Butterfly stitches, also known as Steri-Strips or butterfly bandages, are narrow adhesive bandages that are used instead of traditional stitches (sutures) to close small, shallow cuts.
These adhesive bandages aren’t a good choice if the cut is large or gaping, has ragged edges, or won’t stop bleeding.
They’re also not a good option if the cut is in a location where your skin moves a lot, such as a finger joint, or an area that’s moist or hairy. In these conditions, the bandages may have trouble sticking.
Keep reading to learn how to apply and remove butterfly stitches, and when to use them.
There are specific aspects of a wound that do or do not make it a good candidate for butterfly stitches. When considering whether to use butterfly stitches to close a wound, you’ll first want to:
- Assess the edges. Butterfly stitches are effective for holding together the clean edges of shallow cuts. If you have a scrape or a cut with ragged edges, consider a larger bandage or a liquid bandage.
- Assess the bleeding. Using a clean cloth, towel, or bandage, apply pressure for 5 minutes. If the cut continues to bleed, you should seek medical attention.
- Assess the size. If the cut is too long or too deep, butterfly stitches aren’t the best treatment. Butterfly stitches shouldn’t be used for cuts longer than a 1/2 inch.
1. Clean the wound
The first step in wound care is cleaning the wound:
- Wash your hands.
- Use cool water to rinse your cut, flushing out dirt and debris.
- Gently clean the skin around the cut with soap and water and then dry the area. The butterfly stitches will stick better on clean, dry skin.
2. Close the wound
The next step is applying the butterfly stitches:
- Close the cut by holding its edges together.
- Position the butterfly stitch across the middle of the cut to hold the edges together, not lengthwise.
- Stick half the bandage on one side of the cut.
- Bring the other half over the cut, tight enough to hold the edges of skin together, and stick it to the other side of the cut.
- Place more butterfly stitches across the cut — alternating above and below the first strip about 1/8 of an inch apart — until you feel the edges of the cut are adequately held together.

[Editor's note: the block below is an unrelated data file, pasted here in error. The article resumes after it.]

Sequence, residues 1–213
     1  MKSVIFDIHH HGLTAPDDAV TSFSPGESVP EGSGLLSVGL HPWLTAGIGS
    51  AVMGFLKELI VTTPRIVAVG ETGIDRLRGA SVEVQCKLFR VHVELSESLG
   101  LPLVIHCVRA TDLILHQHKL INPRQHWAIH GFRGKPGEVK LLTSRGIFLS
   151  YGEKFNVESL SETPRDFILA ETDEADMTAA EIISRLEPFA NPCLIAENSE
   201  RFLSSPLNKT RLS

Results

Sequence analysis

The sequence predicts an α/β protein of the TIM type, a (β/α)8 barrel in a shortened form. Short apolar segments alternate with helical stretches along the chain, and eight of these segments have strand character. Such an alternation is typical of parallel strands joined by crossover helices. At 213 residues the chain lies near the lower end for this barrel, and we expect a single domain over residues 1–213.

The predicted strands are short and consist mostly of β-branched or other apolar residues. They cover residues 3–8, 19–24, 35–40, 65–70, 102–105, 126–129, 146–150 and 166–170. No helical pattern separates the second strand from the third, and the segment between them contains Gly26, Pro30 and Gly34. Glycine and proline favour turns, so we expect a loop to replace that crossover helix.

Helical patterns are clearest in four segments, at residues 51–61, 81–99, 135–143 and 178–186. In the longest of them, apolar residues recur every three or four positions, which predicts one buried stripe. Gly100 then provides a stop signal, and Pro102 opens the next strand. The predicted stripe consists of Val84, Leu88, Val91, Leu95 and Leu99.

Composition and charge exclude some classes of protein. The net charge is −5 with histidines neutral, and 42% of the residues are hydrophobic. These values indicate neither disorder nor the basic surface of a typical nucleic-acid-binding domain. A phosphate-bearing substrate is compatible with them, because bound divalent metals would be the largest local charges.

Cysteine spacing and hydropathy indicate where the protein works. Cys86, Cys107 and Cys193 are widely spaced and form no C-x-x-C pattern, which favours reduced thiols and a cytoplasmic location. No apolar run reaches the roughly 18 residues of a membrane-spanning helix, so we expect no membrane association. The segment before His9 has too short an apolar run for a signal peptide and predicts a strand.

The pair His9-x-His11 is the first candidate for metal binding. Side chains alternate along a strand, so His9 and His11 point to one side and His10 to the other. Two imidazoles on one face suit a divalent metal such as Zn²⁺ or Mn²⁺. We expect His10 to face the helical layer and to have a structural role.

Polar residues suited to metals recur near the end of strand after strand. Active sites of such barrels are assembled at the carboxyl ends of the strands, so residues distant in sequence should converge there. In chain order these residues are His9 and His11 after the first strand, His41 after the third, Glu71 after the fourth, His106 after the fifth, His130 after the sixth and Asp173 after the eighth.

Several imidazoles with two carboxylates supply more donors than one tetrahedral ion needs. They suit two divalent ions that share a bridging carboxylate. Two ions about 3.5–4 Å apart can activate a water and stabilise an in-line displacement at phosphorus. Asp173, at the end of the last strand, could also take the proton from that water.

- Consider putting a bandage on each side of the cut, running horizontally to the cut, over the ends of the butterfly stitches to help hold them in place.
If you have a cut that’s been closed with butterfly stitches, follow these care instructions while the wound is healing and before you remove the stitches:
- Keep the area clean.
- Keep the area dry for the first 48 hours.
- After 48 hours, keep the area dry except for showering or washing.
- If the butterfly stitch edges come loose, trim them with scissors. Pulling on them could reopen the cut.
According to the University of North Carolina, if the butterfly stitches are still in place after 12 days, they can be removed.
Don’t try to pull them off. Instead, soak them in a solution of 1/2 water and 1/2 peroxide, and then gently lift them off.
Traditional stitches are the preferred option for wound closure in some circumstances. These include:
- large cuts
- cuts that are gaping open
- cuts that are on a curved area or an area that moves a lot, such as a joint (the bandages will not be able to properly hold the skin in place)
- cuts that don’t stop bleeding
- cuts where fat (yellow) is exposed
- cuts where muscle (dark red) is exposed
Since sutures tend to heal more cleanly than butterfly stitches, they’re also commonly used for cuts on the face or other places where scarring might be a concern.
If you’ve applied butterfly stitches, you should see your doctor if:
- The cut doesn’t stop bleeding. Continued bleeding is an indication that butterfly stitches might not have been the best treatment choice.
- The cut becomes red, swollen, or more painful. This could be a sign of infection.
Butterfly stitches are narrow adhesive bandages that are used to close small, shallow cuts.
They’re used instead of stitches by medical professionals and can be applied at home under the right circumstances.